Tech enthusiasts and business giants alike are looking towards automation to modernize whole sectors. But which industries could see the biggest changes due to automation?
Retail is seeing a rise in ways it could be improved through automation. For example, the Amazon Go stores enable you to conduct a food shop by placing items in your basket and then having the total automatically deducted from your Amazon account. This is being trialed to see if it’s a service people would use, eliminating the need for checkouts. Online shopping is also on the rise and as the UK-based online shopping delivery company, Ocado has shown, using automated bots to collect the shopping and then bag it could help save time and money.
However, bots alone in a warehouse is a cautionary tale, as one example in the UK saw a robot-induced fire tear through the warehouse in April 2019, with the bots completely unaware and no-one there to raise the alarm. £215 million in losses were reported because of the fire. So, perhaps a combination of automation and human oversight could prevent further issues.
The hospitality sector has seen a gradual change – led partly by companies such as McDonald’s, who introduced touchscreen ordering facilities, removing the need to queue as much. More and more hospitality companies are delegating their booking and ordering processes to automated systems. Mobile apps can be used to book tables and place orders at restaurants, while check-in can be done online for some hotels, which helps speeds the process up for the customer and the employee.
For example, in China, guests at hotels can check-in with facial recognition software. While some Marriott hotels already have a service that offers voice-search functions in the room to do things like asking for recommendations on where to go and order items from the hotel, such as towels. Moreover, online food ordering companies such as Deliveroo and UberEATS mean that restaurant orders and deliveries can be conducted through automated processes. This helps remove the human error that might be seen through mishearing an address or food order. While there are issues with this, many people seem to enjoy the streamlined way of interacting with hospitality.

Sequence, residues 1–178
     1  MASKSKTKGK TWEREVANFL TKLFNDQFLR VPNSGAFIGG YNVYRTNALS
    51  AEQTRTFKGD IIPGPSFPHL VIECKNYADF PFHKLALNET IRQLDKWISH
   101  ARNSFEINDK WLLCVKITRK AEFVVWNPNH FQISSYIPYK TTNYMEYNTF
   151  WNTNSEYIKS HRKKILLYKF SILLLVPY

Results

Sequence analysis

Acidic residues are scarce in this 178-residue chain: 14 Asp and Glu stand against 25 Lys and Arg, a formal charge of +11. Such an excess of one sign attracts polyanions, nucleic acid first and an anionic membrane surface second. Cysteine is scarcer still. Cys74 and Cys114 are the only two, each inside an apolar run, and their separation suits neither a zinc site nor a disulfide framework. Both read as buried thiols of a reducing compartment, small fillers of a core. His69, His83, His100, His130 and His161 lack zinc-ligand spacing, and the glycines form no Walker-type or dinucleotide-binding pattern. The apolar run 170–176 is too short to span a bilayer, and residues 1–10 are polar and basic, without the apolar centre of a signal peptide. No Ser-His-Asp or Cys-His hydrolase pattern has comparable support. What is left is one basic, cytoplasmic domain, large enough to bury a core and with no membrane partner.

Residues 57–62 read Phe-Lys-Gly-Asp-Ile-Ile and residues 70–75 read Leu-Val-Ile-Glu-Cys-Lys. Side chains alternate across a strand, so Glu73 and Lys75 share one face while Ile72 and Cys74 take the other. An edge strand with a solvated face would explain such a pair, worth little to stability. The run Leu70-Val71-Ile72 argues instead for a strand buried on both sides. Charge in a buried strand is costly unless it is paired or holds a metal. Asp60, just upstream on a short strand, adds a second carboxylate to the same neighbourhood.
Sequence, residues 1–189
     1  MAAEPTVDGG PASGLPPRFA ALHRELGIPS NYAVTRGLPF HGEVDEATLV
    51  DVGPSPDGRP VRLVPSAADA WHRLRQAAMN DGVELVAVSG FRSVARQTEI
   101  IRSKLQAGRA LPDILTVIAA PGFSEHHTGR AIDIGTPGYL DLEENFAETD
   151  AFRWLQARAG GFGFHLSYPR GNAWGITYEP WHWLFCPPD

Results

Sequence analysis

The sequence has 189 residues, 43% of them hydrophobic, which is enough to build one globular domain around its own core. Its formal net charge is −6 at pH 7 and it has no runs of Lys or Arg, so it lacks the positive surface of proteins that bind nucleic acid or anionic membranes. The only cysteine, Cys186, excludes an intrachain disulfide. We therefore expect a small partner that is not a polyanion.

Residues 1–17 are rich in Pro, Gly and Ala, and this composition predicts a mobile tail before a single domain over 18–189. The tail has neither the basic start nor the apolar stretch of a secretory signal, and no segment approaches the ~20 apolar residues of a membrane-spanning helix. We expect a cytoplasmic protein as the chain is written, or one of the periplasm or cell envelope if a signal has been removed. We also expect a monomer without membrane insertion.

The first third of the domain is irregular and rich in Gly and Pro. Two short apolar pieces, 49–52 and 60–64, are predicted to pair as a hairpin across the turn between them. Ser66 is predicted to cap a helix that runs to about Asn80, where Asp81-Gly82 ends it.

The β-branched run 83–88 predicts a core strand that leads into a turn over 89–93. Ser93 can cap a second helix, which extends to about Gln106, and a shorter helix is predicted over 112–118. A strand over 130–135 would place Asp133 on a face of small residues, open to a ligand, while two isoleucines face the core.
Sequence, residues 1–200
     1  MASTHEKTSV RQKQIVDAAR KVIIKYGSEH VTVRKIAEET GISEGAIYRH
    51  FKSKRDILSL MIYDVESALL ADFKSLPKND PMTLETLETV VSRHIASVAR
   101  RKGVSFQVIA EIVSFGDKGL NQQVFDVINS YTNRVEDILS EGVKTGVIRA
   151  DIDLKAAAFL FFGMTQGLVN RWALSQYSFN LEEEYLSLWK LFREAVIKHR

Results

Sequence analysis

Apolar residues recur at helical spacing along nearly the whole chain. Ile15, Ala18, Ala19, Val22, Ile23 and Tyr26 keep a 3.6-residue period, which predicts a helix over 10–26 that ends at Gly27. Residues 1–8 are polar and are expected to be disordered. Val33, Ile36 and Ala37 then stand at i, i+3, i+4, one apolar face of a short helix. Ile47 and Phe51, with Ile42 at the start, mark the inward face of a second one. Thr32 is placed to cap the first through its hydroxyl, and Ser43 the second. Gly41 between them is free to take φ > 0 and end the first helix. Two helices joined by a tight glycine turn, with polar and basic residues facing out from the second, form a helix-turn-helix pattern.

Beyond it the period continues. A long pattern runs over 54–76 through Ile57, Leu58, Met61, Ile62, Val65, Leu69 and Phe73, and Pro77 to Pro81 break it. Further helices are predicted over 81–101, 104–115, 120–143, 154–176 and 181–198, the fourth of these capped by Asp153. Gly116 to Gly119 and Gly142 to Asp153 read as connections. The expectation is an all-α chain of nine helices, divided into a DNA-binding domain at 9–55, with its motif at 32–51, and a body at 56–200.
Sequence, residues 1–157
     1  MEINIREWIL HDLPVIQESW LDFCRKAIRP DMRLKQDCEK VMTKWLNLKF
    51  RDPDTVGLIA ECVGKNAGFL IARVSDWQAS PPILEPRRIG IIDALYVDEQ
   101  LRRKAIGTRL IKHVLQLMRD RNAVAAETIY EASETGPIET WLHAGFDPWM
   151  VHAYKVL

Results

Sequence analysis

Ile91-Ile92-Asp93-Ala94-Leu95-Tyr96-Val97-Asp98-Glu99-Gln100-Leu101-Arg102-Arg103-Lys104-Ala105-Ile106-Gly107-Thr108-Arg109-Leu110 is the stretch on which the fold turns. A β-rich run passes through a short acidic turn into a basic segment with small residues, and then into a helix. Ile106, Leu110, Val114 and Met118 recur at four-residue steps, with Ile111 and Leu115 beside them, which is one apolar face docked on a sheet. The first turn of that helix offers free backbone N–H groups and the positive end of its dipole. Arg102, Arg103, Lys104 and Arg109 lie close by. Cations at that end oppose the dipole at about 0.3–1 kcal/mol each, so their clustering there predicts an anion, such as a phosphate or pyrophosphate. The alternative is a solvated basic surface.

The fintech sector has many new developments – one of which is the expected benefit from a further degree of automation. This could help streamline existing services and use the machine learning functionality to do in seconds what it might take humans to do in days. McKinsey suggests that around 40% of banking tasks – such as managing revenue and disbursing cash – could be automated. It is anticipated that this will lead to more interesting jobs as the time-consuming jobs will be streamlined with automation.
Automation will also have a significant impact on real-time forex trading signals. For instance, automated forex trading robots can backtest the formula they use with historical market data to see how accurate the formulas are. As such, this can help craft a strategy for trading using historical analysis mapped onto future market possibilities. This may lead to those who haven’t yet begun their trading journey to have a better set of guidelines to work within initially, which will help them grasp the complexities of the industry.
Moreover, banks are increasingly using machine programming to determine risks when it comes to credit cards and loans. Typical credit scores are ineffectual and being able to analyze a lot of data and model it to future scenarios will help banks ascertain the risk of each loan or credit card customer. Furthermore, a joint model of human and automated services can help bring down the cost of financial advisory services, which is usually expensive. By allowing automation to do a lot of the legwork and then using a human operative to ensure everything is correct, the process will be cheaper.
But Will Robots Steal Our Jobs?
Academics at Oxford suggest that half of the US workforce could have their jobs automated, while other estimates suggest that between 75 and 375 million people will need new skills. Automating certain jobs – such as responding to live chat customer service queries – doesn’t necessarily replace a human job but works in tandem with it to deliver a better service.
For example, the live chat would be programmed to answer certain issues such as opening times, contact information, or making bookings. This frees up time for human customer service operatives, who will then have a greater capacity to deal with issues that bots can’t handle. While some lower-level jobs may be replaced by automation, this just frees up resources to focus on creating more meaningful jobs and developing areas of the business that can’t possibly be automated, such as idea generation.
Technological changes are often only noticed when you look back and realize how far you’ve come. With automation, that is the case. Gradually, parts of processes and systems were replaced and streamlined through automation. The retail, hospitality, and finance sectors all show ways in which automation is beginning to help these processes, and ways in which it could further save time, money, and effort to free people up for more important jobs.
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